Archive for the ‘MSN’ Category

In little more than a day you can take your pick of stories that best fit your opinion of the Microsoft bid for Yahoo!. Once you get past the Microhoo and Yasoft jokes, you can find everything from How The Mighty Have Fallen to Futures Jump on Microsoft/Yahoo Potential Merger to Why Microsoft’s Bid Helps Google, IBM and Apple.

From The NY Times,

Today, Microsoft lacks both the weaponry and the nimbleness to compete with Google. Its operating system monopoly gives it no advantages in this battle. People can use Microsoft’s operating system and browser to get to the Internet — and to Google — or they can use Apple’s.

Yes, that’s true. But aside from Gmail, Google has very little in the way of destinations in their lineup. How many millions of queries are made with the goal of using Google’s search engine to arrive at a Yahoo or Microsoft property?

The blogging world is abuzz with news, comments, flames, opinions and the deal hasn’t taken place yet. Want to feed your thirst for opinion? Start here. 5,167 entries in the past 12 hours. Lots of opinions here at Webmasterworld as well. Not content with one story, Search Engine Land had five on the subject.

Many discussions center on the perception that Microsoft is evil. And with 1,690,000 results, it looks like a lot of folks think Microsoft is truly evil. Then again, check the results for Google is Evil

Innovation you say? Microsoft doesn’t innovate? Take a look at Google’s product offerings and apart from search and AdSense, where is the innovation?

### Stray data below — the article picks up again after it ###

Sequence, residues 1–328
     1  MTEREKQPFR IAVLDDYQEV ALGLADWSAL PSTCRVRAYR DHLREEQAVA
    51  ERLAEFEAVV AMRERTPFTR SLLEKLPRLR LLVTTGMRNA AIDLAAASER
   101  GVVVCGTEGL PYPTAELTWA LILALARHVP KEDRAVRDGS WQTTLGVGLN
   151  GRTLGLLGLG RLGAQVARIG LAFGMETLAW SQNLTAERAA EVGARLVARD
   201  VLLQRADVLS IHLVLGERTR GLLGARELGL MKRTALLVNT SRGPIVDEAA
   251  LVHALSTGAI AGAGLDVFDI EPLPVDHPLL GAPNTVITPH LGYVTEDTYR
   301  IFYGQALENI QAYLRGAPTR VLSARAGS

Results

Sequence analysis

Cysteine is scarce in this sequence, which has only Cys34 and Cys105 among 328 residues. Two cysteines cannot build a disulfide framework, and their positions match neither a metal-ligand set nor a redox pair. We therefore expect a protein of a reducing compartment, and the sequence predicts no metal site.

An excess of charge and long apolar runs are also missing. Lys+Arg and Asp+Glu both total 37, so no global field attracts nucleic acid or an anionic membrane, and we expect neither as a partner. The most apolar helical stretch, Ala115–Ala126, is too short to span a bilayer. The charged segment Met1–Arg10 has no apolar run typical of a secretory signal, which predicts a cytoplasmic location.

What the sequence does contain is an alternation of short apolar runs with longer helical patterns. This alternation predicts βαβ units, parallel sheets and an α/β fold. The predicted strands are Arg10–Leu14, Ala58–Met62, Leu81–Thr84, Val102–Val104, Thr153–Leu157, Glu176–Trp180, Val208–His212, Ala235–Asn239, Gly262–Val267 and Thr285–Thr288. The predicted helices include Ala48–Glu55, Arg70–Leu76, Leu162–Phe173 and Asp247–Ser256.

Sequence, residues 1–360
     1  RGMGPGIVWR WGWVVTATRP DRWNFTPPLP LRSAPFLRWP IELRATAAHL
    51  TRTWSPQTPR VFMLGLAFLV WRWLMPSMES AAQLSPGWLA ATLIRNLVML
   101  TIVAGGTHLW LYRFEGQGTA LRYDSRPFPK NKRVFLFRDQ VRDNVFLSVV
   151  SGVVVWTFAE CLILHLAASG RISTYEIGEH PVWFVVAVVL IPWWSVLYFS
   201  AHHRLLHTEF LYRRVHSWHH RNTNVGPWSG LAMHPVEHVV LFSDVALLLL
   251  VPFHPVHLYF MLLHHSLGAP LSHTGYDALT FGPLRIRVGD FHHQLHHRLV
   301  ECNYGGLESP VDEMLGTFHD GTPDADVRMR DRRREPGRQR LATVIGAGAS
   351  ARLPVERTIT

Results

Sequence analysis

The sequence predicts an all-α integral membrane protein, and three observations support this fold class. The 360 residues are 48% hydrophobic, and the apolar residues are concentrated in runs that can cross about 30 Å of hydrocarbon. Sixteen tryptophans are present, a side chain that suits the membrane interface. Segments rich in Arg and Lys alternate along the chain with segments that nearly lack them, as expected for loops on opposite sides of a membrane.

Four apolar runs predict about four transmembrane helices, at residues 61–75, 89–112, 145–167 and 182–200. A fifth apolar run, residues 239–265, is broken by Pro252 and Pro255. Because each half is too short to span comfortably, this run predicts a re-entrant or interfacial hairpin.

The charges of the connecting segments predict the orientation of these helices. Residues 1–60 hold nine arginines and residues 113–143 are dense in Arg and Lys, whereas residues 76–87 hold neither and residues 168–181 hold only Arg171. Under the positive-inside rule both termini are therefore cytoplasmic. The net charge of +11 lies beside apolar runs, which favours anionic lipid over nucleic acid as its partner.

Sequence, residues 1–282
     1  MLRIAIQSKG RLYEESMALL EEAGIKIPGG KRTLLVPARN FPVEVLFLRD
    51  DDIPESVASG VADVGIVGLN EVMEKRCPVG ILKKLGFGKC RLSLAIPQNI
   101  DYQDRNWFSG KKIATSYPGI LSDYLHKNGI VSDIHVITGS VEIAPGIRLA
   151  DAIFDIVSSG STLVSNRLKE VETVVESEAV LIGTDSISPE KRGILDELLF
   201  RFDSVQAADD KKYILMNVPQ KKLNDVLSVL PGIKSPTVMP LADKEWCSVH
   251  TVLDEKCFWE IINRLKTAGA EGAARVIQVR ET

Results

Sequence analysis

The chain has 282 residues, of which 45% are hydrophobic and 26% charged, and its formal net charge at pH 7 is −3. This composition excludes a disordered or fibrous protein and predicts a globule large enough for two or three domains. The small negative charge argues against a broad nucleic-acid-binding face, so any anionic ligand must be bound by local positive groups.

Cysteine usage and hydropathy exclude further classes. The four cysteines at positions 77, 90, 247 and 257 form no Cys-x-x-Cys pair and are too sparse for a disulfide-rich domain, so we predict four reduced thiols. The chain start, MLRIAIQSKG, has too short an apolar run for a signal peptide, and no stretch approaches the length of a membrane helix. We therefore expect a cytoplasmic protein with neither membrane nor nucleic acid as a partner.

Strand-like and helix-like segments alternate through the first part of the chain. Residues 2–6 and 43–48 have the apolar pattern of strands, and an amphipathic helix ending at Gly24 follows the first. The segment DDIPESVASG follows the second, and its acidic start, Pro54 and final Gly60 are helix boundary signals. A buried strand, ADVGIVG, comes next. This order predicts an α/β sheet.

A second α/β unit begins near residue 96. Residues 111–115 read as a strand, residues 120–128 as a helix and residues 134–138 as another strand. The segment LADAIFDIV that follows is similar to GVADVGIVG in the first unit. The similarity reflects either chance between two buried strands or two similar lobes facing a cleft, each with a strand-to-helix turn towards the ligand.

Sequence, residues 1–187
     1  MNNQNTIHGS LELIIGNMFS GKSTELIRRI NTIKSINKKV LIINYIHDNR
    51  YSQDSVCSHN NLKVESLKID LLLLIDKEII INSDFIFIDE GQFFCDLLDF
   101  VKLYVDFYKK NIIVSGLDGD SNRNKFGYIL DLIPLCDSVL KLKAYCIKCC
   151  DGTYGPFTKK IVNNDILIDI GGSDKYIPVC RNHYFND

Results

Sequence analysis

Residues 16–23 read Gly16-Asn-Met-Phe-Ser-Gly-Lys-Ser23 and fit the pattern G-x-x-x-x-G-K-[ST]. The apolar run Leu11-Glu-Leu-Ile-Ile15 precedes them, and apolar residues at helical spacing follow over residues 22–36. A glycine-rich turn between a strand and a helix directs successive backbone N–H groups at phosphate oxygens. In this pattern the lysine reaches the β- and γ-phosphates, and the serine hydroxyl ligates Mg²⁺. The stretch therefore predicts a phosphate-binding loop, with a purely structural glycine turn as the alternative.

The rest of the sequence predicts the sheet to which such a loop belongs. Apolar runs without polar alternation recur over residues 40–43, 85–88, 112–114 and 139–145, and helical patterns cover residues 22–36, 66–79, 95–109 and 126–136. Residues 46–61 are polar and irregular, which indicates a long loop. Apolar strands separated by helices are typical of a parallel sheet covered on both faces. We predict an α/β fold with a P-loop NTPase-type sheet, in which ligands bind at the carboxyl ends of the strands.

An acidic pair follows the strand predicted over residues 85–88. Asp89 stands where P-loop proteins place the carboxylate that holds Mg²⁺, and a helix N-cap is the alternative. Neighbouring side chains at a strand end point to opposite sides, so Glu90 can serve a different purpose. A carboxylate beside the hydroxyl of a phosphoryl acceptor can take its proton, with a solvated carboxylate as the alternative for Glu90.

As for me, I’m going to try to ignore the ordeal until the merger takes place, if it takes place. What happens after the merger is what I’m interested in.


While the numbers aren’t huge, continued gains indicate the consolidation that Live and Ask would like to disrupt.

Google has increased its share of the U.S. Web search market to 47.4 percent with a gain of 0.4 percent during December, while No. 2 ranked Yahoo also edged higher, a survey said Monday.

Web audience measurement firm comScore Networks said No. 3-ranked Microsoft’s share slid 0.5 percent to 10.5 percent of U.S. Web searches while InterActiveCorp’s’s share dipped 0.1 percent to 5.4 percent.

Currently, there are two major players and all the other engines can be classified as ‘also ran’. They simply aren’t contenders. My personal prediction is that Live and Ask will never become contenders and it’s up to the next generation of garage innovators to shake up the industry. Playing for parity simply isn’t enough to make users switch.

Rivaling Google and Yahoo results, while being a noteworthy accomplishment, won’t generate the excitement needed to knock either engine off its perch. Are we awaiting search 2.0?

I was surprised to find a pretty candid Berkowitz speaking about the direction he wants to take the online services unit. He admits that the going is slow and that some mistakes have been made:

“A lot of decisions were driven by technology; they were not driven by the consumer,” he said. “It isn’t always the best technology that wins. It is the best experience.”

While that sounds nice, currently Google delivers the best search experience because they have the best technology.
Danny Sullivan had more to say:

So far, all this work has not impressed either consumers or search experts. Danny Sullivan, a longtime search expert who writes the blog SearchEngineLand, said that in relevancy of results, Microsoft ranks behind Google, Yahoo and Ask, in that order, although the gap has narrowed some.

“They have gone from a laughable search engine to a credible search engine,” Mr. Sullivan said. “It is not embarrassing anymore, but they are still a little behind.”

Nice to see that Danny’s name connected to SearchEngineLand in the N.Y. Times.

But the most refreshing bit? Berkowitz admits that what Google does best is get the basics right. But then he starts talking about the importance of how SERPs are displayed. Wake up Berkowitz, it’s not about how the SERPS are displayed, it’s the relevancy of the results.

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